If President Barack Obama actually loves this country, and took seriously his vow to protect and defend the Constitution, he ought to be more than willing to give the Republicans in Congress anything they wanted to keep the Republican-led government shutdown from destroying the United States and its carefully balanced 200 years of constitutional government.

Obama ought to be more than willing to give in to the unprecedented and extreme Republican demands, even if it means the destruction of his most cherished piece of legislation, the Affordable Care Act.

Would anyone who actually loves this country be willing to see it demoralized or destroyed by those radical congressional Republicans acting simply for their own ideological or political advantage?

I mean, who's being irresponsible here?

Michael Steinberg

Berkeley

Bipartisan compromise is only way out of mess

I'm confident our debt ceiling will at some point be raised, although it may seem hopeless right now as we go through another episode of brinkmanship in Washington, D.C.

I've been around long enough to know our democratic form of government is very messy and at times even seems insane. We eventually come to grips with reality and reach compromises almost all will agree are unsatisfactory but workable solutions.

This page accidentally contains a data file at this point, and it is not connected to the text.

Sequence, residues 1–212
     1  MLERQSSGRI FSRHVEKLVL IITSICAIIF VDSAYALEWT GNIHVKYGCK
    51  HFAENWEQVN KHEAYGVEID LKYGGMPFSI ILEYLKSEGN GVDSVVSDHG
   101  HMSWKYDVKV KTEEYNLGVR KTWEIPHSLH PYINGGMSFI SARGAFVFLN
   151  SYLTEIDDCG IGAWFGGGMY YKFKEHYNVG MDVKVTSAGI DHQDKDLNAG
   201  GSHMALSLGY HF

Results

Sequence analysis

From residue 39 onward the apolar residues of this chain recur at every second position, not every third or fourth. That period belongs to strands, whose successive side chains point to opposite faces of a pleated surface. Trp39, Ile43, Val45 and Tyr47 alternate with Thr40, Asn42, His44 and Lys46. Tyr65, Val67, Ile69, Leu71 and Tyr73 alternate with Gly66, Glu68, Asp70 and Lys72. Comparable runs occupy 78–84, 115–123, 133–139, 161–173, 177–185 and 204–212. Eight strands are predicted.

One of those potential fiscal compromises was developed out of the National Commission on Fiscal Responsibility and Reform, commonly referred to as the Bowles-Simpson plan. The report, released in late 2010, was as close to a bipartisan plan as any work in Washington has been in many years. It should have been implemented at that time, but was not.

At some point our national debt will either be brought under control or our children and grandchildren will pay an enormous penalty for our failure.

I believe the Bowles-Simpson plan is a reasonable way out of our debt problem. This plan, or something very close to it, will eventually have to be implemented.

Fredrick R. Ford

Walnut Creek